British chancellor uses his first Autumn Statement to scrap it

Philip Hammond also announced a slowdown of growth

British chancellor uses his first Autumn Statement to scrap it

British Chancellor Philip Hammond delivers his Autumn Statement in the House of Commons, London | Image: PA Wire/PA Images

The British government has announced plans to cut its corporation tax rate from 20% to 17%.

The British Chancellor of the Exchequer, Philip Hammond, has also slashed the forecast growth for next year  - admitting his government can no longer deliver a surplus in 2019/20.

He said that GDP growth in 2017, the year the UK is expected to begin the process of leaving the European Union, is now expected to be just 1.4%.

This is down from the 2.2% previously forecast by the UK Office for Budget Responsibility.

Mr Hammond told MPs: "That's slower, of course, than we would wish, but still equivalent to the IMF's forecast for Germany, and higher than the forecast for growth in many of our European neighbours, including France and Italy."

Mr Hammond blamed the slowdown on lower investment and weaker consumer demand "driven by greater uncertainty and higher inflation resulting from sterling depreciation".

Explaining why he was abandoning his predecessor's promise of a 2019/20 surplus, Mr Hammond said: "In view of the uncertainty facing the economy, and in the face of slower growth forecasts, we no longer seek to deliver a surplus in 2019-20.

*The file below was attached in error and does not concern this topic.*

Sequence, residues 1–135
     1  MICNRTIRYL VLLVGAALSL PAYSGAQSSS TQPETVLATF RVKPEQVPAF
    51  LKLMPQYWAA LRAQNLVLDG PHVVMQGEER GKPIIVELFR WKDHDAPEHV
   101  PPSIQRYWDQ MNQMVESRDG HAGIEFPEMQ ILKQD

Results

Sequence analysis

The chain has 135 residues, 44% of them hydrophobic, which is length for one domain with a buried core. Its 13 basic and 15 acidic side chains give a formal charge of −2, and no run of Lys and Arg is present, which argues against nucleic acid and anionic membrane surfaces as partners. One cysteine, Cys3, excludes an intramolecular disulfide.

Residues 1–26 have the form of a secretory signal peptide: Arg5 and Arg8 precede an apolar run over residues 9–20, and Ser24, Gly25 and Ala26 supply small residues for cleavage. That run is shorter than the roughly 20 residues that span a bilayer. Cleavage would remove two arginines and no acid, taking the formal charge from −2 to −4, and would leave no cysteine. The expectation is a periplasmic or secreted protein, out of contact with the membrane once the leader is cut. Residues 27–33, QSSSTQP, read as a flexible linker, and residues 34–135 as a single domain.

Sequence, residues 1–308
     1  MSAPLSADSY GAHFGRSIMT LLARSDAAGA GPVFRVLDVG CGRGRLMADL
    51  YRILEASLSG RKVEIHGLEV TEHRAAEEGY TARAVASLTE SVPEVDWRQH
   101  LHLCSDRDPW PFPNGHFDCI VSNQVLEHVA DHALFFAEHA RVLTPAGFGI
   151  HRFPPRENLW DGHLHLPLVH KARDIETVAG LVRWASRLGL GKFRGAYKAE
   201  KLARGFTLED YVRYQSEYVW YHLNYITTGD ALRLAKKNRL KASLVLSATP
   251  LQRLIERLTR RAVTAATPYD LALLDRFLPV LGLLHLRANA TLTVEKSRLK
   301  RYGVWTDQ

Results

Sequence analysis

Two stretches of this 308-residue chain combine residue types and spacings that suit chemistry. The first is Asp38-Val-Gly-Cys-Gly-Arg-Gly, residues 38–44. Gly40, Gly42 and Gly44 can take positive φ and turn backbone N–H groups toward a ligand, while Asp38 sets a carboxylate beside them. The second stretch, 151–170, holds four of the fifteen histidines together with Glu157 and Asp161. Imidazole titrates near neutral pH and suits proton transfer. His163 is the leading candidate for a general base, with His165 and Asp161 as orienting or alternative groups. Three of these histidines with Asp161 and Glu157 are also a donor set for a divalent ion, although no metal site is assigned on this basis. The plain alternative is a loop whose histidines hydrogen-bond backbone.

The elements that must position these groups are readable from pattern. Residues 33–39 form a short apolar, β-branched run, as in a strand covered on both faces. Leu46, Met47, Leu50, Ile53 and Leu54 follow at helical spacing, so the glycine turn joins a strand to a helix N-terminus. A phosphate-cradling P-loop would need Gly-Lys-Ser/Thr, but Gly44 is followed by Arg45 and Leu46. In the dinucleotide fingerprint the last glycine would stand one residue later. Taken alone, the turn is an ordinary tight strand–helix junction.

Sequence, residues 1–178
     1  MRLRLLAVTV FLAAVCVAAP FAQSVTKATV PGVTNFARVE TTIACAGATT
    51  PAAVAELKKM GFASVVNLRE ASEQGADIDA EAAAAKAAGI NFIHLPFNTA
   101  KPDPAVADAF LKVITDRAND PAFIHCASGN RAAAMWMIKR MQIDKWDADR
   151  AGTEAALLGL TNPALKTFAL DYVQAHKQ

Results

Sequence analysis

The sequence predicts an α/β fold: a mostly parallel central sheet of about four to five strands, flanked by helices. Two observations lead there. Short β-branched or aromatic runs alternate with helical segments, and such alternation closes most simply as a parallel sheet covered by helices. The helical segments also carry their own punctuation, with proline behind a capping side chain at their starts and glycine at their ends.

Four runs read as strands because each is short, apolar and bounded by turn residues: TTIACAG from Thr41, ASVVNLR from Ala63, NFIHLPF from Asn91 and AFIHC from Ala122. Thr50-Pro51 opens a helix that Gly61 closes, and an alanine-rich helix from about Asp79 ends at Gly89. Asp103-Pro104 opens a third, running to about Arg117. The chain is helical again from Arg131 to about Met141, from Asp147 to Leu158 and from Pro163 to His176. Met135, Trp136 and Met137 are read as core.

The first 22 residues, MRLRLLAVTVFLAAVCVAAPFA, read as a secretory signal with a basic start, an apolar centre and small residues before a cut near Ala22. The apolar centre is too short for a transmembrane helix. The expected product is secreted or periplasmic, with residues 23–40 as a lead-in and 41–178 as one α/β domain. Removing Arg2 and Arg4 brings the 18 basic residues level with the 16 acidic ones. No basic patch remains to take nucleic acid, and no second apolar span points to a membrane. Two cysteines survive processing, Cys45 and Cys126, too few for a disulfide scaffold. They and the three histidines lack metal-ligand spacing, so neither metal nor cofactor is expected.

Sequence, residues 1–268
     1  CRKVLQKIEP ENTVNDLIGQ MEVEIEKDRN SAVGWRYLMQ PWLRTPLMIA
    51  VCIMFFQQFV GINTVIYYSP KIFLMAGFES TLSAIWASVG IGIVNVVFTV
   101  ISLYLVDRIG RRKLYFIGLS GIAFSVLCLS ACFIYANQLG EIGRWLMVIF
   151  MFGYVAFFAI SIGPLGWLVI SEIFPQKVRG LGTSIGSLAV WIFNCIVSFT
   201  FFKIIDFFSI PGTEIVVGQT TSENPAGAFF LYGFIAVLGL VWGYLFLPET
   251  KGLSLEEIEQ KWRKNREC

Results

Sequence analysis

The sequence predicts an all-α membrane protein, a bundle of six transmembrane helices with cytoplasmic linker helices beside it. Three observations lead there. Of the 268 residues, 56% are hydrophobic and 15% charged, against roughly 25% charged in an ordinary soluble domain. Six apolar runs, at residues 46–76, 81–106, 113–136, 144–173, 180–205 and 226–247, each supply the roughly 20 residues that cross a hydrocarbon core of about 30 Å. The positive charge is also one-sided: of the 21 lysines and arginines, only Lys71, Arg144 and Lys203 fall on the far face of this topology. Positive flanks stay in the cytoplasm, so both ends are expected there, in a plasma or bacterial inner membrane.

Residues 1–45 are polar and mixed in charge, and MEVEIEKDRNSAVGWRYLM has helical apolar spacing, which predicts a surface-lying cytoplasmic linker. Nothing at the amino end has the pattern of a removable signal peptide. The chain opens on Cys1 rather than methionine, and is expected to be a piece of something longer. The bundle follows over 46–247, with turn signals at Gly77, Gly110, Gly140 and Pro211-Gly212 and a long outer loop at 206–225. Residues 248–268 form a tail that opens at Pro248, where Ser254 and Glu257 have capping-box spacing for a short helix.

"But the prime minister and I remain firmly committed to seeing the public finances return to balance as soon as practicable, while leaving enough flexibility to support the economy in the near term."

Mr Hammond also announced that he will abolish the Autumn Statement and move the main budget statement from the spring to the autumn.

"This is my first Autumn Statement as chancellor - after careful consideration and detailed discussion with the prime minister, I have decided it will also be my last.

"Mr Speaker I am abolishing the Autumn Statement. No other major economy makes tax changes twice a year and neither should we.

"Starting in autumn 2017, Britain will have an autumn budget - announcing tax changes well in advance of the start of the next year".

The chancellor said the UK's decision to leave the EU will "change the course of Britain's history" and "makes more urgent than ever the need to tackle our economy's long-term weaknesses" including the productivity gap.

The new draft Charter for Budget Responsibility has three fiscal rules - return public finances to balance "as early as possible in the next parliament", cyclically adjusted borrowing below 2% by end of this parliament; public sector net debt falling as share of GDP by end of parliament; and welfare spending within a cap.

Also, Mr Hammond said that the controversial triple lock on pensions would stay until the end of this parliament.

Corporation tax will also be cut to 17% and tax savings on salary sacrifice and benefits in kind will be stopped, with exceptions for ultra low emission cars, pensions, childcare and cycling.